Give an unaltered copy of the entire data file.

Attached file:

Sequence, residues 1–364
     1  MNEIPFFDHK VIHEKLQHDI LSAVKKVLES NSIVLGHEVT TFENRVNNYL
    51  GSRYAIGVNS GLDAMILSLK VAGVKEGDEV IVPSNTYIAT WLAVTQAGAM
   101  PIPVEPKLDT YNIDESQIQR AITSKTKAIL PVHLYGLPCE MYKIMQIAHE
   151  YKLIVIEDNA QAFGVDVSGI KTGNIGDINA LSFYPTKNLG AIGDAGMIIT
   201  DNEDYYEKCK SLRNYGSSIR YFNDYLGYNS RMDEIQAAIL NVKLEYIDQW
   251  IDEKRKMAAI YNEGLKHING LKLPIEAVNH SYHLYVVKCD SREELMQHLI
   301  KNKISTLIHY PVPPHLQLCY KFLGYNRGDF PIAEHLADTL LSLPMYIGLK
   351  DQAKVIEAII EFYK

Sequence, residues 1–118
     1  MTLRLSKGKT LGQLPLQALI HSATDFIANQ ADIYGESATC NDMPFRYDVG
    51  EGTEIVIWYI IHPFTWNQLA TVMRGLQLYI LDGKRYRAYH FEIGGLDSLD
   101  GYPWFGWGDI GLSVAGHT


Sequence, residues 1–364
     1  MNEIPFFDHK VIHEKLQHDI LSAVKKVLES NSIVLGHEVT TFENRVNNYL
    51  GSRYAIGVNS GLDAMILSLK VAGVKEGDEV IVPSNTYIAT WLAVTQAGAM
   101  PIPVEPKLDT YNIDESQIQR AITSKTKAIL PVHLYGLPCE MYKIMQIAHE
   151  YKLIVIEDNA QAFGVDVSGI KTGNIGDINA LSFYPTKNLG AIGDAGMIIT
   201  DNEDYYEKCK SLRNYGSSIR YFNDYLGYNS RMDEIQAAIL NVKLEYIDQW
   251  IDEKRKMAAI YNEGLKHING LKLPIEAVNH SYHLYVVKCD SREELMQHLI
   301  KNKISTLIHY PVPPHLQLCY KFLGYNRGDF PIAEHLADTL LSLPMYIGLK
   351  DQAKVIEAII EFYK

Sequence, residues 1–118
     1  MTLRLSKGKT LGQLPLQALI HSATDFIANQ ADIYGESATC NDMPFRYDVG
    51  EGTEIVIWYI IHPFTWNQLA TVMRGLQLYI LDGKRYRAYH FEIGGLDSLD
   101  GYPWFGWGDI GLSVAGHT